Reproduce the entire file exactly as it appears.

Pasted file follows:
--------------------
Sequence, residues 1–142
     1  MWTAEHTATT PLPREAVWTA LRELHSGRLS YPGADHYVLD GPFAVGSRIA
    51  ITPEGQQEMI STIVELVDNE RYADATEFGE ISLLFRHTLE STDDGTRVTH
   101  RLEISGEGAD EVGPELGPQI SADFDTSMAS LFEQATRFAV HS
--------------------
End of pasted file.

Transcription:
Sequence, residues 1–142
     1  MWTAEHTATT PLPREAVWTA LRELHSGRLS YPGADHYVLD GPFAVGSRIA
    51  ITPEGQQEMI STIVELVDNE RYADATEFGE ISLLFRHTLE STDDGTRVTH
   101  RLEISGEGAD EVGPELGPQI SADFDTSMAS LFEQATRFAV HS